Sure, you could always use a USB stick, but if the Macs in question are a) relatively new and b) connected to the same local network, there’s a much easier way.
A built-in Mac feature called AirDrop lets you…well, “drop” a file from one Mac onto another.
Once you activate AirDrop, your Mac will scan your local Wi-Fi or wired network for other Macs that also have AirDrop turned on.
If there are other AirDrop-ready Macs on your network, you can then drag and drop a file from your desktop onto their AirDrop icon—and if the other Mac user accepts the file, the transfer will begin immediately.
Keep in mind that AirDrop only works if you turned it on and then accept an offered file—in other words, strangers at Starbucks can’t shove files onto your desktop, even if you’re connected to the same Wi-Fi network.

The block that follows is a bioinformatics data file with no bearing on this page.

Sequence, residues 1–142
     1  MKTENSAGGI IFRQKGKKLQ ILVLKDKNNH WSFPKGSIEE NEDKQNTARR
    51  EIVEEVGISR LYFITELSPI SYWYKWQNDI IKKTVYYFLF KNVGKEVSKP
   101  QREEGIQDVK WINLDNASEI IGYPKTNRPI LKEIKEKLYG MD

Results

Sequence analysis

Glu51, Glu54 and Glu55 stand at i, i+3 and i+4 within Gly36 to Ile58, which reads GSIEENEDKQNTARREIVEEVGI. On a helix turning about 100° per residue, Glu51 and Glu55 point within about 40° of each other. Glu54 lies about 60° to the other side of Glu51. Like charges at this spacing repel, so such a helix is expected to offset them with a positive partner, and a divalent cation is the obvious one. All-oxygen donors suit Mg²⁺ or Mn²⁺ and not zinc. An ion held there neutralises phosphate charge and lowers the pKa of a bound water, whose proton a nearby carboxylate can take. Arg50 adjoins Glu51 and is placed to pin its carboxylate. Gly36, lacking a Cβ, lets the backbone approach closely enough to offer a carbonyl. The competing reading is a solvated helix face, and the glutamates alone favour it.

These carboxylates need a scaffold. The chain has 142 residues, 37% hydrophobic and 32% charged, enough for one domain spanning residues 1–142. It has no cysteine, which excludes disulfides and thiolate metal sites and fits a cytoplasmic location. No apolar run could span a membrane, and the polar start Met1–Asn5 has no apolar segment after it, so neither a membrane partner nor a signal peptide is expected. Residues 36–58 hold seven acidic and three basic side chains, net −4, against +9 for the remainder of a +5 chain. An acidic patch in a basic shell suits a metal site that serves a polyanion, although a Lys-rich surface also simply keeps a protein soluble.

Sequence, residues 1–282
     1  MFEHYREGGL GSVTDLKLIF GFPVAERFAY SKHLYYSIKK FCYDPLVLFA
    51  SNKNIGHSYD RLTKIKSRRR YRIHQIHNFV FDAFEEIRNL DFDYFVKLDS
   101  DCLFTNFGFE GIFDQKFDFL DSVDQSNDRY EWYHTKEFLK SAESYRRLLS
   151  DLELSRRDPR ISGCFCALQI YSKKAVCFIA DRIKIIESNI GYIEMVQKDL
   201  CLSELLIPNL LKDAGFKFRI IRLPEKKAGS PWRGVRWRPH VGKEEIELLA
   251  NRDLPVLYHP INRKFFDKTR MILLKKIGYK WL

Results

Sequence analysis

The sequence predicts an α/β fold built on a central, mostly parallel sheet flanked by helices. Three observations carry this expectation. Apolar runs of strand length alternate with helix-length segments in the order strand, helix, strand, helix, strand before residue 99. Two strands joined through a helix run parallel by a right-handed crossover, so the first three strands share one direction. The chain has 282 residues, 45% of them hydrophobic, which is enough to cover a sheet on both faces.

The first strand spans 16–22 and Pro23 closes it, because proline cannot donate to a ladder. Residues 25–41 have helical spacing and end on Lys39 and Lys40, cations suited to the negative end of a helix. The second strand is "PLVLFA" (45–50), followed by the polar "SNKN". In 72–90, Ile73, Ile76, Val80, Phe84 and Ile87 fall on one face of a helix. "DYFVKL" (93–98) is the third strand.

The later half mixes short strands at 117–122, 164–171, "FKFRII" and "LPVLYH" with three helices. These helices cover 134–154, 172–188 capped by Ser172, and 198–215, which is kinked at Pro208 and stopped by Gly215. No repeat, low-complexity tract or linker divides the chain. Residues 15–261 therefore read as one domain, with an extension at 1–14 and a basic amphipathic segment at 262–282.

Oh, and one more thing: AirDrop only works on Macs made in the past few years or so. Click here for a list of iMacs and MacBooks that support AirDrop.
So, ready to AirDrop? Let’s get started.
- First, click the bare desktop to make the Mac “Finder” active, open the “Go” menu at the top of the screen, then select AirDrop from the drop-down menu.
- When you do, a radar screen-type window will open, with an image representing your user account in the middle. If other Mac users on the same networks also have open AirDrop, you’ll see their icons pop up next to yours in the Airdrop window.
- Next, drag a file from your desktop and drop it onto the icon of another AirDrop-using Mac, then click the “Send” button in the little confirmation pop-up.
- On your end, you’ll now see a pop-up that reads “Waiting for [name] to accept,” while the Mac user on the receiving end will get a dialog that says “[User name] wants to send you [file name],” plus three options: “Save and Open,” “Decline,” or “Save.” If the second user clicks one of the Save buttons, the transfer will begin.
- Once the transfer is completed, the file will land in the recipient’s Downloads folder.
Looking for more Mac tips? Click here!